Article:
Hemlock restoration funded for additional years
Agriculture Commissioner Steve Troxler recently announced additional funding for efforts to restore North Carolina’s hemlock trees to long-term health.
The N.C. Department of Agriculture and Consumer Services will use $250,000 from the state’s legal settlement with the Tennessee Valley Authority to continue supporting the Hemlock Restoration Initiative, which began last year. Over the next three years, the investment will support direct interventions on state and private lands, coordination of resources, and increasing volunteer efforts to save hemlock stands throughout the state.
Hemlocks across Western North Carolina are being decimated by the hemlock woolly adelgid, an insect that sucks the sap of young twigs, which leads to tree death. While thousands of trees have already died in the state, an integrated approach to pest management is showing positive results for the long-term survival of Eastern and Carolina hemlocks.
“We are committed to the fight to save North Carolina’s hemlocks,” Troxler said. “No one method of treatment is going to solve this problem, and the Hemlock Restoration Initiative brings together all the knowledge and support at our disposal. We’ve got to use existing approaches – and develop new tools – to give the hemlocks a fighting chance.”
Recent efforts at combating the adelgid show promise for preserving existing stands and re-establishing hemlocks in areas where they have died. These include the introduction of predator insects that eat adelgids, the search for naturally resistant trees, and efforts to breed in resistance from similar tree species.
WNC Communities is the department’s primary partner in the Hemlock Restoration Initiative. The Asheville-based nonprofit has experience in grants management, project development and using partnerships to achieve goals that benefit the region.
Linda Lamp, executive director of WNC Communities, said the organization expects to announce a competitive call for proposals for research awards by early summer.
In 2014, the Hemlock Restoration Initiative made three $25,000 research awards to organizations pursuing different methods to save the hemlocks:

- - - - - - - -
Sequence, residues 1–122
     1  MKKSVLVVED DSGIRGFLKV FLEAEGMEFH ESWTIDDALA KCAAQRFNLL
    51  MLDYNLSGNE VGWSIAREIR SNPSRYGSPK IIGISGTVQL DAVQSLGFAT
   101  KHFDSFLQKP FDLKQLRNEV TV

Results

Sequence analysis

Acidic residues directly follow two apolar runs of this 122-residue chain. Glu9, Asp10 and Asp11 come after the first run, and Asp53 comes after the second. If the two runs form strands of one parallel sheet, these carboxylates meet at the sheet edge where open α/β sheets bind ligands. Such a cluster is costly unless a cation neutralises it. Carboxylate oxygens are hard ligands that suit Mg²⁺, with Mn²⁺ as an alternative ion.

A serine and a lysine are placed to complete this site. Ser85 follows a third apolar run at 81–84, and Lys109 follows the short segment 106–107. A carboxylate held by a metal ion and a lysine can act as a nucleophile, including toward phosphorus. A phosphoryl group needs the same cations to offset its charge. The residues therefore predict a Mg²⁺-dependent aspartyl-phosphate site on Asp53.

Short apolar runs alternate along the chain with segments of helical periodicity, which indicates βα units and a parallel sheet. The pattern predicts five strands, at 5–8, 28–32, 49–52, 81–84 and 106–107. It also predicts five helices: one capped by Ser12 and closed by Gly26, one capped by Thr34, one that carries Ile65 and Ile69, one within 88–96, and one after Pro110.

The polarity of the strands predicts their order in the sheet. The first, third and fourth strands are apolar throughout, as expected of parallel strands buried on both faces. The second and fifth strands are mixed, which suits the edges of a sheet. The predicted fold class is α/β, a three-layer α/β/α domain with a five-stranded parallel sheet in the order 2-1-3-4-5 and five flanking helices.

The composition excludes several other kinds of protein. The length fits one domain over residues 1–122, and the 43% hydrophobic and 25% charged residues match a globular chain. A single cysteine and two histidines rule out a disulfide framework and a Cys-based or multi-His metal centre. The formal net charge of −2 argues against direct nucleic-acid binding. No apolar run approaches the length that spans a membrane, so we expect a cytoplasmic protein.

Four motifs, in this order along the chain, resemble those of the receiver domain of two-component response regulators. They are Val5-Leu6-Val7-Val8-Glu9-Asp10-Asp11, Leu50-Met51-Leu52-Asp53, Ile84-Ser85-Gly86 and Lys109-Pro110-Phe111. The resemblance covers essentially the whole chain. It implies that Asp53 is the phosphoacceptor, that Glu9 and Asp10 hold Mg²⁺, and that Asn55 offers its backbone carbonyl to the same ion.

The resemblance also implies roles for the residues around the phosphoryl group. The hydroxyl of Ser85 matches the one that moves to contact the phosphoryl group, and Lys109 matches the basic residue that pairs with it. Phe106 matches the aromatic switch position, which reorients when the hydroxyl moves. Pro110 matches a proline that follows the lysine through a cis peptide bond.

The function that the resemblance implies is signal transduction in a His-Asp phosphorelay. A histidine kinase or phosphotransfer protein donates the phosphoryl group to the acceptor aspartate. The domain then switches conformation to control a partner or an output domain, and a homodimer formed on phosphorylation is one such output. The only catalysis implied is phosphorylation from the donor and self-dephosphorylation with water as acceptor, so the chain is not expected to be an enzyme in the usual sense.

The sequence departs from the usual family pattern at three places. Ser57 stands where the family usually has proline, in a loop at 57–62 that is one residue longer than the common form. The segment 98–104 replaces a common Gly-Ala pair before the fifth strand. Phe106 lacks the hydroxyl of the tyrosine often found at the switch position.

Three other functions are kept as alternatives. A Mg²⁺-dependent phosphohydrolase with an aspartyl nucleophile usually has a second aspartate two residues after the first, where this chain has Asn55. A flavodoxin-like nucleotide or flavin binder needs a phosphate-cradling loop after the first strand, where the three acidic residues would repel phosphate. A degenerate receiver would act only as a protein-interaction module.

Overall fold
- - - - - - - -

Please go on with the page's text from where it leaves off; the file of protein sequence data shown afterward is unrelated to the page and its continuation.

Blue Ridge Resource Conservation and Development is funding efforts to introduce Laricobius nigrinis, a tiny beetle native to Washington state that eats only adelgids, into the forests of Western North Carolina. Research results announced in late 2014 indicate the beetles may have begun to spread in the wild around Grandfather Mountain.
The Blue Ridge Parkway Foundation is coordinating with the National Park Service to identify and treat hemlocks on the parkway to preserve views. The immediate use of proven chemical treatments on the root system of hemlocks is effective in defending the trees for several years. This near-term intervention not only preserves trees for visitors to enjoy, but may also serve to keep trees alive until ecological approaches to managing the adelgid bear fruit.
Southwestern Resource Conservation and Development is assisting research efforts to identify and propagate hemlocks exhibiting resistance to adelgid death. Research plots are located at the Mountain Research Station in Waynesville.
The department is allocating the new funding over a three-year period. A portion of the money will support continued research into battling the adelgid, as well as supporting a full-time state coordinator and introduction of treatment methods on state and private lands. This funding will be used to attract matching funds from the U.S. Forest Service, private foundations, individuals and other sources with a shared goal of restoring hemlocks to their natural places.